Undergraduate Workshop: Introduction to Writing Poetry                    
WRIT 2040 
Instructor: Amy England

Contents of course: we will begin with a discussion of the difference between poetry and prose, a consideration of what exactly it is that makes poetic language poetic. Then we will read and discuss seven American poets, some canonical modernists and some contemporary, whose work especially exemplifies one of these elements. Every other week, we will have a workshop based on these readings and discussions. As time allows, I’ll supply in-class exercises, which can also be developed into workshop pieces. You must obtain the books, either through purchasing them or the library. Please be aware that you need to buy the books from the bookstore early, as they start to send them back to the publisher a few weeks into the semester. Ordering from Amazon can also take quite a while. Eliot and Stein are available online, but the rest are not.

Requirements: You are allowed to miss no more than TWO CLASSES or their equivalent in partially missed classes to pass the course, including late enrollment, illnesses, etc. There are seven workshop assignments and six response papers to the readings and you can miss no more than two assignments. You should participate in discussions in a way that reflects your thoughtful and engaged reading of the material, and you should have written comments to give people whose work is up for each workshop.  
    The response papers should be a minimum of one typed, double-spaced page about a poem or several poems by the author under discussion that day. The paper might start from a very simple place, your own emotional response to a poem, for example, but it should try to develop a thesis about the text, and support this idea with language from the text. If you use secondary sources, you must cite them. Papers should be posted on the portal or given to me at the beginning of class. The purpose of the response paper is to enhance discussion, so their being turned in promptly is especially important.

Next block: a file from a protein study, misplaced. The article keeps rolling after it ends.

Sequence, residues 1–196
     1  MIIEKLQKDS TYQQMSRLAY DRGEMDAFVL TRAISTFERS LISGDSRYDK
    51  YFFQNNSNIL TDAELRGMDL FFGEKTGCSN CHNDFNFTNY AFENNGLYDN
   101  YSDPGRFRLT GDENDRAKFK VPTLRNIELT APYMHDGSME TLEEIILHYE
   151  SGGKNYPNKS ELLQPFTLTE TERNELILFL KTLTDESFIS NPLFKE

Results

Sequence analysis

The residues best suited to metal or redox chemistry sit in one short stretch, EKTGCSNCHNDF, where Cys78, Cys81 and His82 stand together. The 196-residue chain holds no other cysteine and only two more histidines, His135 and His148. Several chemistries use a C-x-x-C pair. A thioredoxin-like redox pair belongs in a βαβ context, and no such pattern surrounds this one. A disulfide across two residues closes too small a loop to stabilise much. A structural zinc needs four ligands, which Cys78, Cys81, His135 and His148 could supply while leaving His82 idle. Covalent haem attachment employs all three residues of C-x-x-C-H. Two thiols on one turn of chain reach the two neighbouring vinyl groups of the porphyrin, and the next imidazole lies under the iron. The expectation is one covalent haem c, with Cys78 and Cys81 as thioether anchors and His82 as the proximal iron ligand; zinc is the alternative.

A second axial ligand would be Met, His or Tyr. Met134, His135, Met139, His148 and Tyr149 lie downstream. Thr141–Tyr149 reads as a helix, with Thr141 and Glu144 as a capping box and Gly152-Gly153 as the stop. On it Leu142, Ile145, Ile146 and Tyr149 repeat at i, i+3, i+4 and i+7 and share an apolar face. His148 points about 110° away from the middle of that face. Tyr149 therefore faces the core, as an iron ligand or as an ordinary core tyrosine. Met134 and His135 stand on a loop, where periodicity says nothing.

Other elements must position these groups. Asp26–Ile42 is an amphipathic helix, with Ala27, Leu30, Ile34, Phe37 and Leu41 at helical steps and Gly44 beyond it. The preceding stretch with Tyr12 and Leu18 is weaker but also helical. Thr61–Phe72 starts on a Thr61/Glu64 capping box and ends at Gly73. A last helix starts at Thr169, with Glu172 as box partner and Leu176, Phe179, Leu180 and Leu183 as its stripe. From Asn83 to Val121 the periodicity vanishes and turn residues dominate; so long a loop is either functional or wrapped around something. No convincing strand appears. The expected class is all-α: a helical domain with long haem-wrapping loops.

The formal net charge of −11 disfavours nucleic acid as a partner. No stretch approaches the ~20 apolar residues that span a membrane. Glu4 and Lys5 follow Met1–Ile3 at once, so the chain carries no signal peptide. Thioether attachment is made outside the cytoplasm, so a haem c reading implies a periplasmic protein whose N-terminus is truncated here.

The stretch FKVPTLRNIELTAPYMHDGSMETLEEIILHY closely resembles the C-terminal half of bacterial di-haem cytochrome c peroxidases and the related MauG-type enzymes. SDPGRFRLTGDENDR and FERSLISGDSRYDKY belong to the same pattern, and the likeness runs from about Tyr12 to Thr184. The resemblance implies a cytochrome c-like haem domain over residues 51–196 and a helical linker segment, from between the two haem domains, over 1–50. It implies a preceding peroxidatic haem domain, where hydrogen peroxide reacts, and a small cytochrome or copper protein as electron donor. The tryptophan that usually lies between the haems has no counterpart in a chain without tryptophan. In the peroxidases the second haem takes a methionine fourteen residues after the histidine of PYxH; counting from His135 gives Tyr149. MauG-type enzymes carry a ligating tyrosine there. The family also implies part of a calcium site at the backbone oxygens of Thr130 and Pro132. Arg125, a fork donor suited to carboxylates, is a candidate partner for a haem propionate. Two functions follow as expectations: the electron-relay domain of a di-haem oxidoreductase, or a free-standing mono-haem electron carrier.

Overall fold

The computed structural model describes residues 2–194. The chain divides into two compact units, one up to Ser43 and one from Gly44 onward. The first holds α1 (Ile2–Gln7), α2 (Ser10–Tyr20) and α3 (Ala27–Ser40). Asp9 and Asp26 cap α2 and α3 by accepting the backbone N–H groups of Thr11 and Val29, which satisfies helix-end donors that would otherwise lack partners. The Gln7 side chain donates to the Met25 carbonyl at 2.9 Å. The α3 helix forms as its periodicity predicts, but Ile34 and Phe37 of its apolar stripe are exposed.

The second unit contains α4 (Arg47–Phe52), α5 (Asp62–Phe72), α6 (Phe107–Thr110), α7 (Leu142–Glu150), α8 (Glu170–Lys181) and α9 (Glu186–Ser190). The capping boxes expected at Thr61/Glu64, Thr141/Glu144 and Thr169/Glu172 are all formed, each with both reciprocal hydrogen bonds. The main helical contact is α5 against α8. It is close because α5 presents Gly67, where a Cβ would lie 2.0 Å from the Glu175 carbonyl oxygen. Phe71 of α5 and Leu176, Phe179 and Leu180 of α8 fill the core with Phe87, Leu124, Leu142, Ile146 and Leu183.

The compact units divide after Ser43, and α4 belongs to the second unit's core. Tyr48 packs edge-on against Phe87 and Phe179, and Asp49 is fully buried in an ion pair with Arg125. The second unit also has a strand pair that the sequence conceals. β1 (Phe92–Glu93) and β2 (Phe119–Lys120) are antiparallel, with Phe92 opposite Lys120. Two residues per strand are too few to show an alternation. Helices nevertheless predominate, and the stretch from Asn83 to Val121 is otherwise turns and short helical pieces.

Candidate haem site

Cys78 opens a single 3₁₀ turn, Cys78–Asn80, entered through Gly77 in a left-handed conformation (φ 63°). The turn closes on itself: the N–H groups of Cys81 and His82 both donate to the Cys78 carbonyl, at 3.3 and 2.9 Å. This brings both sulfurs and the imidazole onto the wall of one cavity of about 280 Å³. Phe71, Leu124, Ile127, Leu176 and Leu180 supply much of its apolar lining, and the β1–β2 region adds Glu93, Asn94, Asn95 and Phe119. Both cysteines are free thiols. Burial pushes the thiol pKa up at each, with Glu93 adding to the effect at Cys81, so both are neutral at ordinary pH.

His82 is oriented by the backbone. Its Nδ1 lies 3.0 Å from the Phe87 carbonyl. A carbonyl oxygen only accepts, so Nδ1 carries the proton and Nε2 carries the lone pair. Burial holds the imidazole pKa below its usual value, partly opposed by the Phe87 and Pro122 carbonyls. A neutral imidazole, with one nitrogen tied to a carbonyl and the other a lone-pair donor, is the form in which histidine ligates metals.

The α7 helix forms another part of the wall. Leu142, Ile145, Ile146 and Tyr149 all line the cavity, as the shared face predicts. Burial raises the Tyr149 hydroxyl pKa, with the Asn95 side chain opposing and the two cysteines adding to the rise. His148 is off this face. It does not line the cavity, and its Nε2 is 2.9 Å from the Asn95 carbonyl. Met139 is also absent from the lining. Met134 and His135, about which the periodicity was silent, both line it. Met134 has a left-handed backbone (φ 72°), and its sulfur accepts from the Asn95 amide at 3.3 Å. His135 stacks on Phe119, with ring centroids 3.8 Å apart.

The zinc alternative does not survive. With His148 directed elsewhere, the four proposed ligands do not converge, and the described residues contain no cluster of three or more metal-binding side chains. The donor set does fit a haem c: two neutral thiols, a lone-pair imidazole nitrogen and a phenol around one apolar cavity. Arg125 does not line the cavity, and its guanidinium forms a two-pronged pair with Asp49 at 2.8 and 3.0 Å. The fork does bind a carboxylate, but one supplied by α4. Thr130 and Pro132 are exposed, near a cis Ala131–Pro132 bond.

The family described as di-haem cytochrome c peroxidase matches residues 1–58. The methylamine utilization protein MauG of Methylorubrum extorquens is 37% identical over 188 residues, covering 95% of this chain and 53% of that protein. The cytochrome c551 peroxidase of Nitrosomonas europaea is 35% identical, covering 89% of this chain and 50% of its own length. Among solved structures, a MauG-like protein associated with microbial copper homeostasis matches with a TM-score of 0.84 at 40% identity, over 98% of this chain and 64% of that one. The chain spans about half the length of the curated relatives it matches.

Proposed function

As we go through the readings, we will collect a list of possible exercises for poems based on them. While the exercises are broad, the list is also cumulative, so if you are uninspired by a particular exercise, or cannot adjust it to suit your interests, you can always go back and use an earlier one. Poems should be emailed through the portal by the night before class at the very latest.

Required Texts:

Ann Carson: The Autobiography of Red
T. S. Eliot: The Wasteland
Harryette Mullen: Sleeping with the Dictionary
Andrea Rexilius: Half the Things They Carried Flew Away (Letter Machine Editions)
Gertrude Stein: Tender Buttons
Jean Toomer: Cane
William Carlos Williams: Pictures from Brueghel

I: 9/10 Stein: precursor to Language Poetry

9/11: Add/drop period ends

II: 9/17 workshop

III: 9/24 Toomer: the line between poetry and prose

IV: 10/1 workshop

V: 10/8 Williams: the aesthetics of the ordinary, ekphrasis

VI: 10/15 workshop

VII: 10/22 Mullen: inventing new form

VIII: 10/29 conferences

10/30 last day to withdraw

IX: 11/5 workshop

X: 11/12 Carson: myth, allegory, and symbol

XI: 11/19 workshop

XII: 11/26 Eliot: allusion and fragment

XIII: 12/3 workshop

XIV: 12/10 Rexilius: the uses of indeterminacy

XV: 12/17 workshop

© 2014 Amy England, rights reserved